So, I just got back from the cinema, where Geth and I spent the afternoon watching Halloween 2018 (2018)!
I’m really glad I got to go see this film on opening day, because I’ve been looking forward to it for months, and it was part of the reason that I decided to do a month-long horror film watchathon this year. It’s the eleventh Halloween film, but it’s the first one since the original where John Carpenter has been involved in creating the story, and so in some ways it’s more of a true sequel than any of the ones that came before it.
In what is now becoming a cosy Halloween series tradition, the continuity is rebooted yet again. Furthermore, unlike the Thorn continuity and the H20 continuity, this continuity also decanonises Halloween II. So, to recap:
- Laurie Strode now did not get chased around a hospital the night of Hallowe’en 1978 after she’d survived Michael Myers’ first attack. Michael did not kill the staff of that hospital, and Dr Loomis did not set a room on fire, seemingly killing both himself and Michael.
- Laurie Strode most definitely did not have a daughter called Jamie in 1981 and then die with Jamie’s father in a car crash in 1987. There was no Thorn cult trying to use Michael and anyone related to him for bizarre rituals.
- Laurie Strode did not fake her death in a car crash sometime before 1981, move to California and change her identity to Keri Tate, get married, have a son called John in 1981, get divorced, and become the headmistress of a private boarding school. She also did not get locked in a sanatorium for three years between 1998 and 2001 and then get killed by Michael on 30 October 2001.
- Laurie Strode, thankfully, absolutely did not get adopted by the Strodes after originally being Angel Myers, was not an unlikeable idiot, and did not go mad after suffering hallucinations of a woman in white and a horse.
- Most interestingly of all, Laurie Strode is not the sister of Michael Myers. This is the only sequel other than Halloween III that has not gone with the story of them being brother and sister, and that’s only because Halloween III was a completely different story set in a completely different universe.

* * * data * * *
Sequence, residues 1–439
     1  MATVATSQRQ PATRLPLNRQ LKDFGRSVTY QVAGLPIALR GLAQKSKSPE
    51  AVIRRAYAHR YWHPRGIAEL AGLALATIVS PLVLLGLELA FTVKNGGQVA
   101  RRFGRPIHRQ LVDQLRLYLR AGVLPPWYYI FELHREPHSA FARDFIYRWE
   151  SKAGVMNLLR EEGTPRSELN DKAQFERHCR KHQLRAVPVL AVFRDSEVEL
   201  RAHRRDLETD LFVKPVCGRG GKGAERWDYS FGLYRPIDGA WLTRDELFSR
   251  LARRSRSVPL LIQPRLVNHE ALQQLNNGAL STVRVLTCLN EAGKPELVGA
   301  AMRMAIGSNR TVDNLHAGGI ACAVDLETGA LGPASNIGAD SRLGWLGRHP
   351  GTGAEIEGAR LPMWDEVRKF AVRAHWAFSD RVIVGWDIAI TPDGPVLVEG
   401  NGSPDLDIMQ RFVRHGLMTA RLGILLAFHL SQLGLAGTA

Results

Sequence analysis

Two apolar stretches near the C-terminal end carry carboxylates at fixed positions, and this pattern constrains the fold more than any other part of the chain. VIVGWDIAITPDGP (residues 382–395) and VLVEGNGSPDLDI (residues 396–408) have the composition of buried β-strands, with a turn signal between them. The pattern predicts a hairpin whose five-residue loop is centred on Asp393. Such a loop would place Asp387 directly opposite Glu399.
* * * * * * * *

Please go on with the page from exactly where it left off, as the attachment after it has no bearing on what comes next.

Instead, in this continuity, Laurie Strode has remained in Haddonfield for forty years, suffering from PTSD, has been divorced twice, and has a daughter and granddaughter. Michael Myers was captured shortly after doing his disappearing act from the garden of the Doyle house, was taken back to Smith’s Grove sanatorium, and has been held there for the intervening forty years. Dr Loomis passed on his knowledge to another British doctor, Dr Sartain, before he died at an unspecified point in time. Michael, prior to the events of this film, only murdered five people: his sister Judith Myers; an unnamed truck driver during his journey to Haddonfield; and Laurie’s high school friends Annie, Bob, and Lynda.
There’s a lot of interesting stuff going on with this film!
Callback to Halloween: the opening credits are exactly the same as the first film, except that the pumpkin starts off rotten and gradually returns to a fresh state. Creepy!
The film starts off with a couple of British investigative journalists, Aaron and Dana, visiting Smith’s Grove. They’ve been looking at the case (they specialise in shining new light on historical murder cases) and meet up with Dr Sartain, who trained under Dr Loomis and has been Michael’s doctor for many years.
Callback to Halloween 4: Michael is about to be transferred to a different sanatorium (that’s always a good idea!). This is because the state have apparently got bored of studying him, and are planning just to let him rot somewhere for the rest of his life.
Aaron and Dana, who are clearly idiots, have managed to get hold of Michael’s original mask, and when Dr Sartain takes them to meet Michael, Aaron presents it to him, trying to get him to speak. Dr Sartain explains that Michael can speak but just chooses not to. Undeterred, the journalists head off to try and get an interview with Laurie Strode, who has been living in an isolated house for many years. Laurie grants them an interview in exchange for $3,000, but tells them to get lost when they start asking questions about why she lost custody of her young daughter.